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Children's Skin Specialists Evanston IL

This page provides relevant content and local businesses that can help with your search for information on Children's Skin Specialists. You will find informative articles about Children's Skin Specialists, including "Tips for Treating Your Child's Scrapes, Splinters and Stings". Below you will also find local businesses that may provide the products or services you are looking for. Please scroll down to find the local resources in Evanston, IL that can help answer your questions about Children's Skin Specialists.

Sofia Salituro, MD
(847) 272-1005
4113 Dundee Rd
Northbrook, IL
Business
Sanders Court Pediatrics Ltd
Specialties
Pediatrics

Data Provided By:
Erin M Garofoli
(847) 570-1507
1000 Central St
Evanston, IL
Specialty
Pediatrics

Data Provided By:
Elizabeth Mary Swider, MD, FAAP
(847) 866-3749
909 Davis St Ste 200
Evanston, IL
Specialties
Pediatrics
Gender
Male
Education
Graduation Year: 1998

Data Provided By:
Dr. Michael Dennis Amer
(847) 570-2033
2650 Ridge Ave Ste 1610wh
Evanston, IL
Specialty
Pediatrics

James L Downey
(847) 869-0892
2530 Ridge Ave
Evanston, IL
Specialty
Pediatrics

Data Provided By:
Elaine E Farrell, MD
(708) 570-2033
2650 Ridge Ave
Evanston, IL
Specialties
Pediatrics, Neonatal-Perinatal Medicine
Gender
Female
Education
Medical School: Harvard Med Sch, Boston Ma 02115
Graduation Year: 1975

Data Provided By:
Constance Norma Blade, MD
(847) 770-2547
1515 Lincoln St
Evanston, IL
Specialties
Pediatrics
Gender
Female
Education
Medical School: Boston Univ Sch Of Med, Boston Ma 02118
Graduation Year: 1979

Data Provided By:
Michael Scott Caplan, MD
(847) 570-2530
2650 Ridge Ave
Evanston, IL
Specialties
Pediatrics
Gender
Male
Education
Medical School: Univ Of Chicago, Pritzker Sch Of Med, Chicago Il 60637
Graduation Year: 1984

Data Provided By:
Marlene M Turvill, MD
(847) 570-2123
2650 Ridge Ave
Evanston, IL
Specialties
Pediatrics
Gender
Female
Education
Medical School: Univ Of Rochester Sch Of Med & Dentistry, Rochester Ny 14642
Graduation Year: 1990

Data Provided By:
Eileen M Beaty
(847) 869-0892
2530 Ridge Ave
Evanston, IL
Specialty
Pediatrics

Data Provided By:
Data Provided By:

Tips for Treating Your Child's Scrapes, Splinters and Stings

by Kelsey Anderson

(FeatureSource) The pleasures of summer often bring with them small dangers or injuries, especially if you have children. Whether you're dealing with a scraped knee, a sliver in a finger or an insect bite, prepared parents can react to problems quickly and calmly.

"Even the most carefully reared and watched child will sometimes get hurt or sick," says Vicki Lansky, author of "Practical Parenting Tips" (Meadowbrook Press). "Knowing how to handle minor accidents give parents a sense of control."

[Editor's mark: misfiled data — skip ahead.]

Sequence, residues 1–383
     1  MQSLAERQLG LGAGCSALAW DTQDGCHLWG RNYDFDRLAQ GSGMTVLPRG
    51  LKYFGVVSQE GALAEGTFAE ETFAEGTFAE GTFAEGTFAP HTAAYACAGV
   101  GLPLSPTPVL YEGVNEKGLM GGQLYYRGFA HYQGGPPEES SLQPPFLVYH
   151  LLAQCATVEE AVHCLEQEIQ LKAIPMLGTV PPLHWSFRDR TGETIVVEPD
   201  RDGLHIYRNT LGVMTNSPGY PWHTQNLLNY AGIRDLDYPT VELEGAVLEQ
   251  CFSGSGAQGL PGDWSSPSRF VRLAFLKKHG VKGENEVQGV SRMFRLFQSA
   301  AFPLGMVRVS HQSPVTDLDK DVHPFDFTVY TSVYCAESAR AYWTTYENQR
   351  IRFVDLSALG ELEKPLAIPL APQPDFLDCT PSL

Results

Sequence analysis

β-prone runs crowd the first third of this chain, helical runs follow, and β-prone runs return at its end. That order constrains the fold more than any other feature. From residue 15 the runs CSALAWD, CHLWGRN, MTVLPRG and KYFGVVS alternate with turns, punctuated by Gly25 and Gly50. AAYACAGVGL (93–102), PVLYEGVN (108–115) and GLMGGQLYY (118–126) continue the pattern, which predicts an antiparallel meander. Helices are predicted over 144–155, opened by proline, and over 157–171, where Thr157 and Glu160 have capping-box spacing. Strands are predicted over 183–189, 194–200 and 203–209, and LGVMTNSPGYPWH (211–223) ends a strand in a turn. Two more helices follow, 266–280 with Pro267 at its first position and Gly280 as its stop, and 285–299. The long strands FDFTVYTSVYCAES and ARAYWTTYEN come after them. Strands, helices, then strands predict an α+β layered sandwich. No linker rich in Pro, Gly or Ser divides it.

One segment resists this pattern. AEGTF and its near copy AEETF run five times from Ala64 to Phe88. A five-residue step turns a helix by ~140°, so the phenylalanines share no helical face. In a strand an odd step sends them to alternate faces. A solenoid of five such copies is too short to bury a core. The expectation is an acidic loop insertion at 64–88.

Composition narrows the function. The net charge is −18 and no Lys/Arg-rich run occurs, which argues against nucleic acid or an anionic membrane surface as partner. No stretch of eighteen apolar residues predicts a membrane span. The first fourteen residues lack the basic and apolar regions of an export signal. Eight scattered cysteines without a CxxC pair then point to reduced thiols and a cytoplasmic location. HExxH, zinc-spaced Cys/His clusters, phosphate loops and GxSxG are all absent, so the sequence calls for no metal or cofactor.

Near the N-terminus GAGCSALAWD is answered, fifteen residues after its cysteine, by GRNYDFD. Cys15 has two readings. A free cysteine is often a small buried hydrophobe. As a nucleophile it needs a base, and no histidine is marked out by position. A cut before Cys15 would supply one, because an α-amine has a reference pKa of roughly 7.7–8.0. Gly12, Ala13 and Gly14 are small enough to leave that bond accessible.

Lansky advises that careful attention is the best treatment for any injury, especially insect bites. If a bee stings your child for the first time, watch for signs of an allergic reaction. These may include difficulty breathing, faintness or swelling around the eyes, mouth, tongue or penis. If these symptoms develop, call 911.

Lansky reminds parents that remaining calm during a crisis will help your child remain calm. Teach your child to express feelings of pain, but there's also a time to regain control.

She shares these tips for handling the bumps on the road or knee:

Scrapes

Freeze several small water-filled balloons that can be wrapped in a towel and applied to scrapes, bumps or bites. If you add rubbing alcohol to the water before freezing, the ice pack will be malleable.

Cover a scraped knee or elbow with the cutoff top of a sock. This will give extra protection to the bandage underneath while allowing for movement and play. A terry cloth wristband also works well.

Apply medicine on the gauze pad (not the sore) when it's necessary to apply something that stings.

Splinters

Soak a splintered finger in warm water with antibacterial soap. Once the skin is softened, it will be easier to remove the sliver.

Ask your child to look the other way and sing a song, count or recite something while you gently prod the splinter with a sterile needle.

If you can't get a splinter out, leave it alone. Most splinters eventually work themselves to the surface. (See a doctor if one does not.)

Stings

Immediately apply a paste of baking soda and water to a bee sting reduces pain and welling.

Draw a bath containing baking soda or laundry starch and ask your itchy child to soak. Or go to the beach just for the sake of the cool, soothing water.

Apply white vinegar to bites in order to neutralize the sting of fire ants.

See Also:

16 Summer Uses for Baking Soda and Vinegar
Here are a few helpful ways to use vinegar and baking sod...

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